3 Ways Collaborative Care Benefits Cystic Fibrosis Patients
A few years ago, Preeti Sharma, M.D., Pediatric Pulmonologist at Children’s Health℠ and Assistant Professor of Pediatrics at UT Southwestern, met with a teenager who had been told by doctors that she had just a few years left to live. Her cystic fibrosis was advanced, and the doctors believed they’d done everything they could.
Unsatisfied, her parents got a second opinion from Dr. Sharma and her team – including a pulmonologist, gastroenterologist, dietitian and respiratory therapist – at the Claude Prestidge Cystic Fibrosis Center at Children’s Health in Dallas.
“We all gathered in the same room, met with the family, and looked at her care from all angles,” says Dr. Sharma, who is a pulmonologist at Children’s Health and Co-Director of the Center. “We decided to admit her and work together to understand what was being missed and what could be done differently.”
This level of collaboration is at the heart of our approach to CF care. Here are three ways a collaborative model can improve processes, tailor treatment plans and help kids with CF thrive.
Collaborating in Real-Time
Cystic fibrosis is more than just a pulmonary condition. Patients also face gastrointestinal and endocrine complications. That’s why our Cystic Fibrosis Center brings together experts across specialties, as well as psychologists, nutritionists and respiratory therapists who specialize in CF.
“We’re in the same place at the same time,” Dr. Sharma says. “It's not the endocrinologist sending me a note about my patient. It's me sitting right next to her, in clinic, so we can have a real-time conversation about how things are going and what we need to do differently.”
This collaborative approach made all the difference for Dr. Sharma’s patient with advanced CF. Within six months, her weight was back to normal and her lung function improved by 20 percent.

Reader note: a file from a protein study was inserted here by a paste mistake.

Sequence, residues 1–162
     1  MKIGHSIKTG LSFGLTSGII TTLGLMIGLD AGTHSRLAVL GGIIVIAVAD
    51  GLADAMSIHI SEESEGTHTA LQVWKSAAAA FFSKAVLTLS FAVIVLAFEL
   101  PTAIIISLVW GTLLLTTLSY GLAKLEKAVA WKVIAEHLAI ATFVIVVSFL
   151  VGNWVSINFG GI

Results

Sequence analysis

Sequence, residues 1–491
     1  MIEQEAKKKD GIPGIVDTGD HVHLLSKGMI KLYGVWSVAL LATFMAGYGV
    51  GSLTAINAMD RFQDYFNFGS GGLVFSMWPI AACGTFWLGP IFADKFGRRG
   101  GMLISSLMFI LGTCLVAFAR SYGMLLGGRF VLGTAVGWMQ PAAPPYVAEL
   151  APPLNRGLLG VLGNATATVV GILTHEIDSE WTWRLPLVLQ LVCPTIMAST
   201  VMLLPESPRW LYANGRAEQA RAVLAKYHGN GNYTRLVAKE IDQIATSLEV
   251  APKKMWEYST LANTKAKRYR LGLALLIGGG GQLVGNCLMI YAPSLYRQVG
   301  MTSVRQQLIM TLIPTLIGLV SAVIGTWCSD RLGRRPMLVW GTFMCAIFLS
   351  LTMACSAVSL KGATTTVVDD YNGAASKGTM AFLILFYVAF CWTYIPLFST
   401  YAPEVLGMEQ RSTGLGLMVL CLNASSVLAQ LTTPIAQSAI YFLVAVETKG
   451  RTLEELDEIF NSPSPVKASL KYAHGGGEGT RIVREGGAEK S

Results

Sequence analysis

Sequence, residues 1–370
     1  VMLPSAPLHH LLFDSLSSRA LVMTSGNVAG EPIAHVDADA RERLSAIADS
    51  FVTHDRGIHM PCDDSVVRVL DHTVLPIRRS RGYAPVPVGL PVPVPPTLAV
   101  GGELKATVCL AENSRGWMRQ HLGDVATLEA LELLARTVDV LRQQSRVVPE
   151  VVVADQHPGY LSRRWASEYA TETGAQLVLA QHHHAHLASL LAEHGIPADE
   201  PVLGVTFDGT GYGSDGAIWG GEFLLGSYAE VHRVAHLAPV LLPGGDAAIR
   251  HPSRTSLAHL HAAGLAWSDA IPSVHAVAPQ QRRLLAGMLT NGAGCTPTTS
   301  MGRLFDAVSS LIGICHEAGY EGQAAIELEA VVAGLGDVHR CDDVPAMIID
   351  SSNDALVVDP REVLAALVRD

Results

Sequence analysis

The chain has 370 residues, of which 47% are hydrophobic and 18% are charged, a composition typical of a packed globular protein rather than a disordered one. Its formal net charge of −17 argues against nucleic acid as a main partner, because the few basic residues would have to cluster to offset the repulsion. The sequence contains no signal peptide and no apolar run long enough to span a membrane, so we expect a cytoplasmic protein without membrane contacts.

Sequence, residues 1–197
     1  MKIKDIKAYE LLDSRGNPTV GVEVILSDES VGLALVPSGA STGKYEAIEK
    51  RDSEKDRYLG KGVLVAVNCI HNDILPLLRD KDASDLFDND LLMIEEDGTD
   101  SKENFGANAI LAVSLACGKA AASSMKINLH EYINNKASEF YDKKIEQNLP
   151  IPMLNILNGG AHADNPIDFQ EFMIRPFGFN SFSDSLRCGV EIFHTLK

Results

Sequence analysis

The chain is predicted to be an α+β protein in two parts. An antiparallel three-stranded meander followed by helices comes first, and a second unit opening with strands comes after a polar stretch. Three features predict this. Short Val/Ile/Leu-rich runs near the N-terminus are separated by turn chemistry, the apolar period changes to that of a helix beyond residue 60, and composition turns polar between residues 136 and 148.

“And, she went back to school, which is was what she wanted the most,” Dr. Sharma says. “To look at her now, you wouldn’t know she has CF.”
Working Across Departments to Improve Processes
As a CF Foundation-accredited care center, we participate in the CF Foundation Patient Registry and regularly review this data to identify opportunities for improvement. For example, a few years ago, we found that only 25 percent of patients were getting their annual oral glucose tolerance test.
“To increase this number, we partnered with GI, nutrition and endocrine to educate families about the test,” Dr. Sharma says. “Then we streamlined the process so families wouldn’t lose an extra day to have the test done.”
The test is now part of patients’ regularly scheduled appointments. Patients drink the solution when they first arrive and then meet with providers during the test’s 2-hour waiting period. Their labs are drawn before they head home.
“The test now feels less onerous to families because they’re here for appointments anyway,” Dr. Sharma says.
These simple changes were incredibly effective – 97 percent of our patients now get an annual oral glucose tolerance test.
Tailoring Care to Every Patient
Our team also works together to tailor treatment plans.
“One plan doesn't fit every patient,” Dr. Sharma says. “We look for ways to help patients get in all the necessary therapies, while being successful at everything else they want to do.”
That could mean developing a tailored treatment plan to help a teenager make it to morning band practice. She gives her patients “a menu of options” – like choosing between a nebulizer or inhaler medication – and helps them choose based on their schedules.
“If they want to be in the band, I want them to be in the band,” Dr. Sharma says. “We're going to figure out a way.”
Thanks to our focus on tailored treatments and adherence, we’ve seen a significant improvement in our teenage patients’ lung function.
Helping Children with CF Thrive
Our collaborative approach, process improvement work, and positive outcomes helped us land a Quality Care Award from the Cystic Fibrosis Center in 2018.
“Our focus is not only on bringing cutting-edge therapies and new research to patients, but also giving them the best ways to care for themselves in the long-term,” Dr. Sharma says.
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